Iran’s charge against the US may reflect growing Iranian fears that the UK, one of the intermediaries in the delicate exchanges between Washington and Tehran, is about to declare Iran’s IRGC (Islamic Revolutionary Guard Corps) a terrorist organization. This has been on the cards for some time, but so far the UK government, known as a strong supporter of renewing the Iranian nuclear deal, has held off. Britain’s position on the nuclear talks may have changed following the recent execution by Iran of a British-Iranian dual national charged with espionage.
Perhaps as a direct result of Iran breaking off the US prisoner-sanctions negotiations, on February 22 the UK’s Daily Telegraph reported that US diplomats were pressuring the UK not to declare the IRGC a terrorist organization. The US State Department, it was claimed, is arguing that if the UK goes ahead against the IRGC, its role as intermediary in the prisoner deal would be compromised. This seems a classic case of, “do as I say, not as I do”, since the US has itself proscribed the IRGC as a terrorist group, a step taken in April 2019 by then-President Donald Trump.
The US has 16 Iranians in prison
Meanwhile, to complete the complex jigsaw puzzle, Voice of America (VOA) recently discovered that the US has 16 Iranians in prison, or on supervised pretrial release, charged with federal crimes. They consist of eight Iranian-American dual nationals, four Iranian citizens with US permanent residency, and four Iranian citizens with no legal status in the US. Then, on February 10, a federal court in Brooklyn sentenced another dual Iranian-US national to 30 months in prison for smuggling export-controlled technology products to end users in Iran.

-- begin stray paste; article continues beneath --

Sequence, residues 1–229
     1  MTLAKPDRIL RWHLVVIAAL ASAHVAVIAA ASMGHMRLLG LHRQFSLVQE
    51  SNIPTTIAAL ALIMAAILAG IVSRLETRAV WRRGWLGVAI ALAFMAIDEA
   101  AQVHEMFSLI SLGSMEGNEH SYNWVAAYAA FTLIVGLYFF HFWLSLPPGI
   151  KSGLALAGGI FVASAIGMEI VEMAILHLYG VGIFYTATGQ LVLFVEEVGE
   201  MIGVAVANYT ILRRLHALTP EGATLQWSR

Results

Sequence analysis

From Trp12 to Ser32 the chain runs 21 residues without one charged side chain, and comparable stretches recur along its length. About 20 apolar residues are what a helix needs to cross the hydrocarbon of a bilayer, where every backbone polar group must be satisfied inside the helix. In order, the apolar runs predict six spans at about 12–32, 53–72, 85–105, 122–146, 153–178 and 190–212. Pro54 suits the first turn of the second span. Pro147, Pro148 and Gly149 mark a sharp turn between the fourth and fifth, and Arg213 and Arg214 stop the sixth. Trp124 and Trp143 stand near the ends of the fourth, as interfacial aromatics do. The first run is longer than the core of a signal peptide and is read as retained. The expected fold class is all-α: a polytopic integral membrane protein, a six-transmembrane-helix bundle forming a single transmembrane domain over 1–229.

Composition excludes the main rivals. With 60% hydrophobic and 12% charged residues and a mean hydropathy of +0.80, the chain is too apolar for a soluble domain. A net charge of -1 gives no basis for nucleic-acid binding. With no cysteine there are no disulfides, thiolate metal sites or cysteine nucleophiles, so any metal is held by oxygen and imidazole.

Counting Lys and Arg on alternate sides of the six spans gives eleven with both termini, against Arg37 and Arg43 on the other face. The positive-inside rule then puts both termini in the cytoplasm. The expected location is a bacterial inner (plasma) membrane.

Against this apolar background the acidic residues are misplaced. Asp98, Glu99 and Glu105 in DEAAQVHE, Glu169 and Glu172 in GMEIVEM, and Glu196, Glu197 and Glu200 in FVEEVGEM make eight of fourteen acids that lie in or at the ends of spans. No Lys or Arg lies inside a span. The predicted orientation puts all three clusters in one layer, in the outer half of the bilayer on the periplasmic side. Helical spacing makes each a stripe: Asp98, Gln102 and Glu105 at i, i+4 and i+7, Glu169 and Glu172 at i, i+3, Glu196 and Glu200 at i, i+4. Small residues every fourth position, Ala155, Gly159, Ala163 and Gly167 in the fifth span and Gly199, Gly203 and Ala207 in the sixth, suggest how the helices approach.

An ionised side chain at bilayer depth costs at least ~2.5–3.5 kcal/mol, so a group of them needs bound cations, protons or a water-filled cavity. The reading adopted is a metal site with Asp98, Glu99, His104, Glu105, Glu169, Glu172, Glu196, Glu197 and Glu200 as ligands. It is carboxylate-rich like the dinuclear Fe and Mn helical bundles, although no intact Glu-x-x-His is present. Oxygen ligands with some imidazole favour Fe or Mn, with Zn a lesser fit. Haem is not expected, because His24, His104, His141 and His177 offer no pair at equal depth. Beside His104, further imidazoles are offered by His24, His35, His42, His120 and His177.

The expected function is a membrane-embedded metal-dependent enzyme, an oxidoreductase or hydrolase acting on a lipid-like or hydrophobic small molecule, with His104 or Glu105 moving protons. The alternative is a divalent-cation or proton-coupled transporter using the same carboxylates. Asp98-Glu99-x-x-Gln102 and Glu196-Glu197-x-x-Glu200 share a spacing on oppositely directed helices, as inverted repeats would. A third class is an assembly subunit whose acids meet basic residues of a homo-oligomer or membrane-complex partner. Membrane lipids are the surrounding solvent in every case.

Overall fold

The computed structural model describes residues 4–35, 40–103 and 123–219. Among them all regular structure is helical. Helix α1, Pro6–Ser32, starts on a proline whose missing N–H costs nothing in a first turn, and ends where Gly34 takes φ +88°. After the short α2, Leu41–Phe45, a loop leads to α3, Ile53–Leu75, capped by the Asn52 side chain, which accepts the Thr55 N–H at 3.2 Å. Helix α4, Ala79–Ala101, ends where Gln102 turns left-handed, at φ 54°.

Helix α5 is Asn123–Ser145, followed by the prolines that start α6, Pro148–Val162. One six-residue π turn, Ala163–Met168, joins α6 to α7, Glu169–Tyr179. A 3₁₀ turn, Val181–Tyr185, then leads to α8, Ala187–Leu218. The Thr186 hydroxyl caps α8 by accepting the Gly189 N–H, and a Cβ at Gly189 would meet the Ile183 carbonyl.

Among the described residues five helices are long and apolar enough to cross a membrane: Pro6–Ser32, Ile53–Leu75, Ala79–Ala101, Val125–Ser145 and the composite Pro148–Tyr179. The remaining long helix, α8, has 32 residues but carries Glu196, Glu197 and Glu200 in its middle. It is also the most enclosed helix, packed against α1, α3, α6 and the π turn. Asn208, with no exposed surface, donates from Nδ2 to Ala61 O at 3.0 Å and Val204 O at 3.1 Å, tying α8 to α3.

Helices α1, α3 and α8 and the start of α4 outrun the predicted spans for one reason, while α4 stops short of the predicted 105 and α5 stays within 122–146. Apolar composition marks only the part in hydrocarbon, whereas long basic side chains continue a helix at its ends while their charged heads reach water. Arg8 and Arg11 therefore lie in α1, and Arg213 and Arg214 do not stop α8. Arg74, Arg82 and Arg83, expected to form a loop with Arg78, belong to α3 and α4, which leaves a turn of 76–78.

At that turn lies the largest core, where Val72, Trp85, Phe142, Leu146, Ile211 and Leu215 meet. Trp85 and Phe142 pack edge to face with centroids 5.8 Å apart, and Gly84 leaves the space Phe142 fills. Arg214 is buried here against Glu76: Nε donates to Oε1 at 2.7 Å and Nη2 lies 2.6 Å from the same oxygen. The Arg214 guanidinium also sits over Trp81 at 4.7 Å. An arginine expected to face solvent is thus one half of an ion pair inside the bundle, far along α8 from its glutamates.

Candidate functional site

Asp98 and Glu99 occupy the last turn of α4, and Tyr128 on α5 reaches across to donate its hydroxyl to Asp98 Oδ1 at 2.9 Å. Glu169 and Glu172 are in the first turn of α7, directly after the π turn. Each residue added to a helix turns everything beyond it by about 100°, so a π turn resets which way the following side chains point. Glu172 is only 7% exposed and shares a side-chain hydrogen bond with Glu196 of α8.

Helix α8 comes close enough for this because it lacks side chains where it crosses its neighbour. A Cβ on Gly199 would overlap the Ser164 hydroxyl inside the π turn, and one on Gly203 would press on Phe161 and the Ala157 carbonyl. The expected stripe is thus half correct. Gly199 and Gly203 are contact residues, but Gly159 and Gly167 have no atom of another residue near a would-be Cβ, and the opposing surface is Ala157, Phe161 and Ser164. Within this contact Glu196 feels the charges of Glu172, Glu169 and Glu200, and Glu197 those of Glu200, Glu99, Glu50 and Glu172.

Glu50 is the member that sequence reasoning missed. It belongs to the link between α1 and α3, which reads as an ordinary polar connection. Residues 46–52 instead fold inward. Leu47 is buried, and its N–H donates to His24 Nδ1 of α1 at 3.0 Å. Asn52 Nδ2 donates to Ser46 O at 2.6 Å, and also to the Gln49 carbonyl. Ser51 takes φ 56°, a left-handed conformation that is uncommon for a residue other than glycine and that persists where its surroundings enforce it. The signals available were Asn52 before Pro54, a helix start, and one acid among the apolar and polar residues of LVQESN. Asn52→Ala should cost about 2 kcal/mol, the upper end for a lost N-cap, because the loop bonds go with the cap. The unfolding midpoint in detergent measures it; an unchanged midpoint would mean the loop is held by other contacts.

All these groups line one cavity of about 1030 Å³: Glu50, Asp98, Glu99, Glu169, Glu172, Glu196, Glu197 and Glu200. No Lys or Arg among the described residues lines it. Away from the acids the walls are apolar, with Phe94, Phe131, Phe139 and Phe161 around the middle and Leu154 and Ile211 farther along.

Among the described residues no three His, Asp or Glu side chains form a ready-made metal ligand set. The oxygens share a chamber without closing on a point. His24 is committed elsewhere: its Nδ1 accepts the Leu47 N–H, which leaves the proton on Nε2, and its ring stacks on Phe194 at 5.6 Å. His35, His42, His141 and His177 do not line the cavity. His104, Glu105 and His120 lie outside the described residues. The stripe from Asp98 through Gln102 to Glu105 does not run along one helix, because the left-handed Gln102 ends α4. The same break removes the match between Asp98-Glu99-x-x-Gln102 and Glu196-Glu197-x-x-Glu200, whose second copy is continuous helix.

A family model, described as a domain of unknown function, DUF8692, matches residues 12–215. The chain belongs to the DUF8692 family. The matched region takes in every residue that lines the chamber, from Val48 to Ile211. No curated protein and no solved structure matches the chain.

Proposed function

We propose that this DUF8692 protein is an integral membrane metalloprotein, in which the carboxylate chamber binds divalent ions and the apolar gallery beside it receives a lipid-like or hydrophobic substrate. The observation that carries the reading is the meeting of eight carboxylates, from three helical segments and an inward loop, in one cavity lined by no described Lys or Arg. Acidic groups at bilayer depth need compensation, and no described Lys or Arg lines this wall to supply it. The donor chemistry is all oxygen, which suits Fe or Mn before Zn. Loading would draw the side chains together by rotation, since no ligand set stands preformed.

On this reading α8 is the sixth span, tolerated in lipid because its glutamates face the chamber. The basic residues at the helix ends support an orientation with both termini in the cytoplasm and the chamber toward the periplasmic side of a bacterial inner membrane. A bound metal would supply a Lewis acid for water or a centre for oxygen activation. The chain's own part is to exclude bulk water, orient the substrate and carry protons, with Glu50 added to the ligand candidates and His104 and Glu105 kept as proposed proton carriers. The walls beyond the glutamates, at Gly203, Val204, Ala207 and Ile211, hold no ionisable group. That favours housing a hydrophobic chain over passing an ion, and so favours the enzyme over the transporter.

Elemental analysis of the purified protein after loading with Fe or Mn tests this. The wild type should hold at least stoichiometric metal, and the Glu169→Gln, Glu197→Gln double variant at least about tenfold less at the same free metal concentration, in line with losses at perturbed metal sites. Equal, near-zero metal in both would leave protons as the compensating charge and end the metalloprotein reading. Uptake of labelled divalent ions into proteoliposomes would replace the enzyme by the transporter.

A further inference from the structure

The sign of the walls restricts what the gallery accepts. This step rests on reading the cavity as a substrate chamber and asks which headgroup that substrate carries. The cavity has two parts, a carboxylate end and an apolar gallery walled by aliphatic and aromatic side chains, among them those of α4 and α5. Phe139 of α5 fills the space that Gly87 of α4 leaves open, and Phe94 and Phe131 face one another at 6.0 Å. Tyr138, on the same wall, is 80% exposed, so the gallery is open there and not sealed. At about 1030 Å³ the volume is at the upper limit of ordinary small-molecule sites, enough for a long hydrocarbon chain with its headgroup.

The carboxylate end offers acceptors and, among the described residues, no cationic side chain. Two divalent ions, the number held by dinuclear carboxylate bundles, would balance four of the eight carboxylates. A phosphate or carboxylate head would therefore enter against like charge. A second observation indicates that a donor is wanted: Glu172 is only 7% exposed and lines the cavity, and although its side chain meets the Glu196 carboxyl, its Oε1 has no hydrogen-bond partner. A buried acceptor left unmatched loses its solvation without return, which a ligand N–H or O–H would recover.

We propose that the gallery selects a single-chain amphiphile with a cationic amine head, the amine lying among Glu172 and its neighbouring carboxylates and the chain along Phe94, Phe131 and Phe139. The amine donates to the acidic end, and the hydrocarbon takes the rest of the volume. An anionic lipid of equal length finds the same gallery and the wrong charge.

Kambiz Attar Kashani pleaded guilty to charges of violating the International Economic Powers Act between 2019 and 2021 by sending hardware and software to Iran through front companies registered in the United Arab Emirates. In a sentencing memorandum, the US Department of Justice (DoJ) claimed that Kashani began providing Iran with enterprise, security and data management software as far back as 2014.
The recipient of the smuggled technology was said to be the Central Bank of Iran, which FBI Counterintelligence assistant director Alan Kohler said is linked to Hezbollah and the IRGC, both US-designated terrorist groups. By supplying such software, said the DoJ, “Kashani and his co-conspirators enabled the Iranian banking system to operate more efficiently, effectively and securely.”
Kashani’s imprisonment can only have soured even further the atmosphere around the latest US-Iranian negotiations, but the truth, according to VOA sources, is that Iranian officials are not greatly concerned with securing the freedom of these detainees. Their prime objective is to reacquire their desperately needed resources to help relieve Iran’s dire economic situation.
To discomfort your opponent is a good negotiating tactic. Charging America with “bad faith” and suspending the talks for a while is no more than a ploy to conceal how anxious Iran is for the release of its frozen assets.
The writer is the Middle East correspondent for Eurasia Review. His latest book is Trump and the Holy Land: 2016-2020. Follow him at: www.a-mid-east-journal.blogspot.com